"What Nurses Need to Know and Do to Offer Evidence-Based Care" is a perfect example of a paper on care. Evidence-Based Practice (EBP) is regarded as one of the optimal approaches being followed in the healthcare sector. The basic premise of this practice is healthcare practitioners had to analyze and then select the best possible evidence or practices that are being followed in the healthcare sector so that that evidence or practices can be utilized during the decision-making process in the healthcare institutions. It is about how healthcare practitioners including nurses adopt that effective evidence as part of their daily functioning and thereby provide improved as well as quality care processes to the patients.
In a way, “ EBP unifies research evidence with clinical expertise and encourages individualization of care through the inclusion of patient preferences. ” (Stevens, 2013). However, the nurses particularly staff nurses and Advanced Practice Nurses (APN) need to be communicated with all the nuances of EBP, its benefits, and importantly how it needs to be adopted by them, for it to be successfully implemented. The first step for communicating EBP among both staff nurses as well as APNs is conducting a survey among them to find their knowledge levels about EBP.
Apart from evaluating their knowledge and skill levels about EBP, this baseline survey can be used to measure their attitudes and beliefs towards EBP, as well as the “ resources available within the organization to support EBP. ” (“ Pitt Nurse, ” 2007). Once this baseline survey is completed, reading materials that can introduce the basic concepts of EBP, its applications, and other details can be developed by the in-house staff or could be accessed from creditable sources.
After these materials are developed and distributed among staff nurses and APNs, an instructional, as well as an interactive session, can be conducted. During these sessions, the knowledge and the adoption levels among staff nurses and APNs can be evaluated or tested. For staff nurses particularly, rather than asking them to read complete volumes of research reports, a summarized version could be provided. In addition, they could be shown “ how to access reviews that summarize current research findings, along with implications for the most up-to-date clinical practices, from a hospital computer or from home. ” (“ Pitt Nurse, ” 2007).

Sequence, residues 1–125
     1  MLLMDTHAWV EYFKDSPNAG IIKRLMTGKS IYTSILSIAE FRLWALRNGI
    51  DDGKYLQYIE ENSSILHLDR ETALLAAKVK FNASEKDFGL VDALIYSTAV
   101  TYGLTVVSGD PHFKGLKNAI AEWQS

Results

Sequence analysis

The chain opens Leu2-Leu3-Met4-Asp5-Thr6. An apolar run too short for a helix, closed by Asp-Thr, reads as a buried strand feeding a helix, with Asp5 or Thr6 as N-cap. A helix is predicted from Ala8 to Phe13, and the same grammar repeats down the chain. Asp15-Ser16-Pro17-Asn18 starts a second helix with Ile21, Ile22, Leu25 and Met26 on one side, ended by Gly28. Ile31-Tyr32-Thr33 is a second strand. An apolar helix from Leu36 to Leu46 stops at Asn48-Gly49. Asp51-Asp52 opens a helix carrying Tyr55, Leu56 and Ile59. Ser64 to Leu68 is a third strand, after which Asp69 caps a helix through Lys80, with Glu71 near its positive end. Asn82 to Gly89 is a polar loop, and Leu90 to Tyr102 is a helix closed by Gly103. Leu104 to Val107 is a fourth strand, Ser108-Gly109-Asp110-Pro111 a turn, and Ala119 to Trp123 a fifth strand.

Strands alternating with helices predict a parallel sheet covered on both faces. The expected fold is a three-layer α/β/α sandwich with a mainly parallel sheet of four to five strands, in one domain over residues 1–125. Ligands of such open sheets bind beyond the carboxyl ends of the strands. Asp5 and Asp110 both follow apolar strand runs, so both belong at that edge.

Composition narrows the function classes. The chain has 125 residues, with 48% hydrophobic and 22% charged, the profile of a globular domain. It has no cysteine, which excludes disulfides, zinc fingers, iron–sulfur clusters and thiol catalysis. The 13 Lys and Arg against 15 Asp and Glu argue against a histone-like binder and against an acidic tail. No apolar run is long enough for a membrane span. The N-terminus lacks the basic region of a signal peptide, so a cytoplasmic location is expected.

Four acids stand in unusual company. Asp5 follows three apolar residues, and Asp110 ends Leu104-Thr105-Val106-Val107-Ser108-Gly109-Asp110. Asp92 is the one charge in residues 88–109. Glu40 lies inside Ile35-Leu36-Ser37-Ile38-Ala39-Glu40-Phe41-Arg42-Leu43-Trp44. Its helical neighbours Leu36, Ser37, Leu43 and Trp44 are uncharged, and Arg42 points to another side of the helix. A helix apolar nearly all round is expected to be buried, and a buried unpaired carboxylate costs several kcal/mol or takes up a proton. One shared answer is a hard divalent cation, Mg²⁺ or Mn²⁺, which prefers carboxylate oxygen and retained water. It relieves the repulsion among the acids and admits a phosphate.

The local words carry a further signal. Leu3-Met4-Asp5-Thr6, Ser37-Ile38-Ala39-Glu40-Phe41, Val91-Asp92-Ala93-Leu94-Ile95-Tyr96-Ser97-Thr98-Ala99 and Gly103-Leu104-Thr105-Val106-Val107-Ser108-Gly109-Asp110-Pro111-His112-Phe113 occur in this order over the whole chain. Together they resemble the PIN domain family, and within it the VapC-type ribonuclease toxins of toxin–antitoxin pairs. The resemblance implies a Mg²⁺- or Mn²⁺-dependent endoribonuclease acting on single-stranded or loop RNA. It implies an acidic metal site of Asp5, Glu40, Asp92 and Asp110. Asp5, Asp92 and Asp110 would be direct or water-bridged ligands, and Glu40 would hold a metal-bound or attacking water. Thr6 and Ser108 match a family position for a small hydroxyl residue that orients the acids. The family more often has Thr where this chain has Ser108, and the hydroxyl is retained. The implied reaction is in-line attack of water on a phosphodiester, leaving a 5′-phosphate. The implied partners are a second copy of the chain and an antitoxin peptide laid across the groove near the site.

As far as APNs are concerned, due to their better theoretical and practical knowledge, they could be asked to read complete versions of important research reports and then track data that can support the continued use of existing practices. They could also track data that could oppose the current practices and facilitate the formation of new practices. “ APNs should be expected to lead teams in applying evidence to initiate practice changes and put strategies into place to sustain a culture that fosters evidence-based practice. ” (Caldwell, 2014).
Furthermore, both staff nurses and APNs can be provided with communication channels in the form of email addresses and other online chat options, where all their queries could be discussed and solutions found out, under the supervision of an EBP nursing council. “ Designated members of the EBP nursing council, including the nurse(s) who submitted the question, review the available literature to determine if there is sufficient evidence to answer the question and/or propose a change in current practice. ” (“ Pitt Nurse, ” 2007). In addition, if healthcare institutions incorporate the competencies related to EBP “ into health care system expectations, orientation programs, performance reviews, job descriptions, and promotion protocols” , EBP can be communicated to the nurses in the more optimum manner.
(Caldwell, 2014). So, it is clear that when EBP is communicated to both staff nurses as well as APNs through the above-discussed steps, then it can be aptly and successfully implemented.
Caldwell, E. (2014, Jan 21). What Nurses need to know and do to offer Evidence-Based Care.
Retrieved from: http://researchnews.osu.edu/archive/ebpcomp.htm
Pitt Nurse. (2007). University of Pittsburg School of Nursing Magazine. Retrieved from:
Stevens, K. R. (2013, May 31). The Impact of Evidence-Based Practice in Nursing and the Next
Big Ideas. OJIN: The Online Journal of Issues in Nursing, 18 (2).